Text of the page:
Angilau One of BYU's Many Polynesian Recruits

Last year, Polynesian players made up the bulk of BYU's defensive line. The rotation included Vince Feula, Manaia Brown, Daniel Marquardt, T.J Sitaki and Hala Paongo. The DL has a large Polynesian influence this year with Paongo, Ian Dulan, Matangi Tonga, Russell Tialavea and Romney Fuga. Colorado D-end recruit David Angilau will join that unit next season.

BYU has always had a large Polynesian contingent on its roster. It started back in 1955 with Famika Anae, the father of current BYU offensive coordinator Robert Anae. Since then, a steadily increasing number of Polynesians have found their way onto BYU's roster. Now, BYU has more native Pacific Islanders than a combination of all the teams in the Pac-10, Big 10 and Big XII throughout the 80s, 90s, and first half of the 21st century.

With the staff at BYU putting the finishing touches on their next recruiting class, BYU has held true to their past efforts of recruiting Polynesians to BYU.

BYU has verbal commitments from most of the top Polynesian prospects within the state of Utah including 6-foot-4, 265-pound DE Star Lotulelei from Bingham High School and 6-foot-2, 270-pound Eathyn Manumaleuna from Timpview High School. Big Cottonwood High School star Simi Fili is not hearing much from the Cougars anymore, so it appears that he is no longer being recruited by BYU.

Several Polynesian recruits from outside of Utah are also on the list of Cougar commits. During the summer, the top Polynesian offensive lineman in the state of Texas – 6-foot-4, 295-pound Manaaki Vaitai – pledged to play for BYU. Recently, Florida, Texas, Oklahoma and other top programs have tested the sincerity of Vaitai's commitment to BYU.

Two Hawaiian players also accepted BYU scholarship offers. 6-foot-5, 225-pound tight end/linebacker Kaneakua Friel from Kamehameha-Oahu Secondary High School committed to BYU coaches at BYU's summer camp in June. Gary Nagy, a 6-foot-1, 175-pound safety from Kahuku High school, waited two weeks after returning home from the same BYU football camp to verbal to the Cougs. The coconut wires are buzzing that BYU is also looking at a defensive end from Kahuku High School.

From California, BYU has a commit from 6-foot-2, 205-pound half-Samoan outside linebacker Tyler Beck. Nebraska also offered the Vista Murrieta High School star.

Also from California are two of the top recruits on BYU's uncommitted list. Devin Mahina is a 6-foot-6, 225-pound tight who is deciding between BYU and UCLA. The Bruins do not have a scholarship for Mahina, but they told him he could greyshirt and then leave on a mission and have a scholarship when he returns. Mahina could come right in and compete for a starting spot as a scholarship athlete at BYU. The other uncommitted California is 260-pound defensive tackle Christian Tupou from Grant Union High School in Sacramento.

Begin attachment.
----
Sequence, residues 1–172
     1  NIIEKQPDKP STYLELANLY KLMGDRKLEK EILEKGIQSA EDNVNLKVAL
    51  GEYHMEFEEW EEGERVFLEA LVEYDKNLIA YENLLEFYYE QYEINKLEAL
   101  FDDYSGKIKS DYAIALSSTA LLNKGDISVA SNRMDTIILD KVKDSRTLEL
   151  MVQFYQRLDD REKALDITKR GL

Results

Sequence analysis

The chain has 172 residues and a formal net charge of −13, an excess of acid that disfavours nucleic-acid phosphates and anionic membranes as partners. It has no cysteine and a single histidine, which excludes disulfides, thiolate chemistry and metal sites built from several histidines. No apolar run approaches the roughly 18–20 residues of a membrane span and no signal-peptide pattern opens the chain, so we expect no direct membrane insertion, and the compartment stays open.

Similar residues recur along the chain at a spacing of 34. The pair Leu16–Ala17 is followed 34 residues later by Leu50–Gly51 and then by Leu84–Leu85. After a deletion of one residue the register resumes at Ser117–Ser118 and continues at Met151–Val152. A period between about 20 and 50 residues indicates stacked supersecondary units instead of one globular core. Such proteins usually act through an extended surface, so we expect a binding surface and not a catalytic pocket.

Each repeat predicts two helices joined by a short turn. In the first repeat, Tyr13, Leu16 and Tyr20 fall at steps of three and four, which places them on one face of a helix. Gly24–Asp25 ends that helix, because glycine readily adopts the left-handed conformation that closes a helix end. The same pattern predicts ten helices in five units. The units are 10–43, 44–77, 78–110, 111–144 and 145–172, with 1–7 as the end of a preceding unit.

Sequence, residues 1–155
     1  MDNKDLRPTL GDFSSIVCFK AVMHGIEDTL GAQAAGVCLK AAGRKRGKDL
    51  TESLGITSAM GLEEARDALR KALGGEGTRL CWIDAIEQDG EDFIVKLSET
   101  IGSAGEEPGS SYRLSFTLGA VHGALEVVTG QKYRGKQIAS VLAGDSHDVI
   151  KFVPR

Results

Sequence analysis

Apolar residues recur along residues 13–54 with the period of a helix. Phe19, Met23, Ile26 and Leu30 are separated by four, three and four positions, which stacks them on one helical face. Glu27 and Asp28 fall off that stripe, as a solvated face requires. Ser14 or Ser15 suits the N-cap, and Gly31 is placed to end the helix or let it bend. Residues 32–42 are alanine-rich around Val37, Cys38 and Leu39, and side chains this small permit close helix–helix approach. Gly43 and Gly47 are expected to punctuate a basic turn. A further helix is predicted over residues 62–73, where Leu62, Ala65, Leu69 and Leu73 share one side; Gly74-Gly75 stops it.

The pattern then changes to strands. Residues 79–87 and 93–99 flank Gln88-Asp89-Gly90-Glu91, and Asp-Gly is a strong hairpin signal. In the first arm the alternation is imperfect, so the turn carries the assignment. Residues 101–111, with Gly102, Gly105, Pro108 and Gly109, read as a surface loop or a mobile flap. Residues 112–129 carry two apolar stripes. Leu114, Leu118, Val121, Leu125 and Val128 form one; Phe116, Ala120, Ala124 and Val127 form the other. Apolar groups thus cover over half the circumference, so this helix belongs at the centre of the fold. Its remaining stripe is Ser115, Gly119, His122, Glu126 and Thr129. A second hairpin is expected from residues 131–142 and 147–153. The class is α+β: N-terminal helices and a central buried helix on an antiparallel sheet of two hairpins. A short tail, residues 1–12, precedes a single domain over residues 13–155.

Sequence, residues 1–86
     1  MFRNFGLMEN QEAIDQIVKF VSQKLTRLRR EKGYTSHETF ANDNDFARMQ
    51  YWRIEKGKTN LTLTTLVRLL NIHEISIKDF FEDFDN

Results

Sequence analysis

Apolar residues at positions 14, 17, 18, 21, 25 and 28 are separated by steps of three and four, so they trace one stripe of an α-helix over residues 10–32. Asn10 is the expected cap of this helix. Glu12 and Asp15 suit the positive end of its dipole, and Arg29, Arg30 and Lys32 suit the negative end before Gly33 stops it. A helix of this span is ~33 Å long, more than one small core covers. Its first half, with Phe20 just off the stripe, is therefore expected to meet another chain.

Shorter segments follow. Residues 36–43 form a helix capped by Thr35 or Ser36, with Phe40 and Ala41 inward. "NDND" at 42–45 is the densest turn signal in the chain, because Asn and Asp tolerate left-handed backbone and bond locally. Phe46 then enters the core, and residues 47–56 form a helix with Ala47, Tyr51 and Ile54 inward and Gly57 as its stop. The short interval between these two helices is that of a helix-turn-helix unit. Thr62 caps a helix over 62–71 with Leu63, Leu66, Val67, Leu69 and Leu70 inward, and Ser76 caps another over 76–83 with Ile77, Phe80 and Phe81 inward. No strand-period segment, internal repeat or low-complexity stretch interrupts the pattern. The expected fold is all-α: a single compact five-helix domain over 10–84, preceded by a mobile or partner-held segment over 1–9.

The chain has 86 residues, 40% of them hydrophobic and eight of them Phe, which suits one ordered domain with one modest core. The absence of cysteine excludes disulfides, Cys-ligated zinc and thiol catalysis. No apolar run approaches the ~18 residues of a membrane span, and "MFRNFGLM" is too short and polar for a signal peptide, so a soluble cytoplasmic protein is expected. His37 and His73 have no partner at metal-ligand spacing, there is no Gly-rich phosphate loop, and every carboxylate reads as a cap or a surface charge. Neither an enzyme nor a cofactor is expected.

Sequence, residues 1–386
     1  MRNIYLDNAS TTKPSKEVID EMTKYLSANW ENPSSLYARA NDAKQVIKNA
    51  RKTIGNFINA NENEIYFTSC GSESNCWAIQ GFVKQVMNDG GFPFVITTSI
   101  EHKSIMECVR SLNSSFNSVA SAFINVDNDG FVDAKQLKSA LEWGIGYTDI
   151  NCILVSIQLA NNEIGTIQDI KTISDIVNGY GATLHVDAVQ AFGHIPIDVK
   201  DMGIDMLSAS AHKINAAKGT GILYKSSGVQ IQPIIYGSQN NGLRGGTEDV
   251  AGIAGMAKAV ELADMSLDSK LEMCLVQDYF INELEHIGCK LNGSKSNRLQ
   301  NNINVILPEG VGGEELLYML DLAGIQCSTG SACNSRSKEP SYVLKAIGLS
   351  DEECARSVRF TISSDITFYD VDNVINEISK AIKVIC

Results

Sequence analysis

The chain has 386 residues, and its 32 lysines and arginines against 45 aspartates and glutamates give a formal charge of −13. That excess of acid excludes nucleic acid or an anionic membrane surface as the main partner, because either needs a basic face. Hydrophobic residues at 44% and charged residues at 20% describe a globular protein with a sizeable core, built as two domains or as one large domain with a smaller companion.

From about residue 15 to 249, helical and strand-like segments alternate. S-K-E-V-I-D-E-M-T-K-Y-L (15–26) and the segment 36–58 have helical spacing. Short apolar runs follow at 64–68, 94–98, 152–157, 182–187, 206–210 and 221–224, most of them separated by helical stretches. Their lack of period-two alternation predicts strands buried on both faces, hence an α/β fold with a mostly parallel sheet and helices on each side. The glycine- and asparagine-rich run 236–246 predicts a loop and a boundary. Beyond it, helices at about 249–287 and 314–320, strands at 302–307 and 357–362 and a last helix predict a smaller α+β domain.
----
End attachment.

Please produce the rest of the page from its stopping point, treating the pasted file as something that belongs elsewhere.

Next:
The Cougars tapped the JC ranks for even more Polynesian talent. BYU secured a commitment from 6-foot, 265-pound 4-star Samoan D-tackle Magnum Mauga and 6-foot-1, 225-pound outside linebacker Aveni Leug-Wai, both from Grossmont Junior College. Junior Tea, a 6-foot, 300-pound Polynesian D-lineman from top ranked Snow Junior College, is also hearing from BYU.

David Angilau from Niwot High School in Longmont, Colorado is the final Polynesian recruit on BYU's commit list. As a junior, the 6-foot-2, 260-pound defensive end led the state of Colorado with 15 sacks. He is currently following up his first team all-state and all-conference performances with a stellar senior season.

"Well, the last two weeks have been good," said Angilau. "Last week I had 9 tackles and 1 sack against mountain view. The week before that I had 10 solo tackles against Loveland."

Loveland High School football is consistently recognized as being a very competitive program within the state of Colorado.

"Loveland was a tough team," said Angilau. "They played hard and they were ranked number 5 in the state. They ran a double tight double wing offense which is basically all run. They only threw 2 passes the whole game."

Angilau was doubled and in some instances, triple teamed throughout the game. Despite such, he was still able to fight his way through the gaps to make plays on the running backs.

"I had to just fight my way through the line and squat my gap to chase the running back down," Angilau said. "I was doubled and tripled the whole game but I feel that makes me a better player."

Current committed players the likes of Angilau, Mauga, Lotulelei, Manumaleua, Nagy, Friel, Beck and Vaitai are the type of quality football players that will continue BYU's winning ways, and will maintain the Polynesian presence on BYU's roster for years to come.


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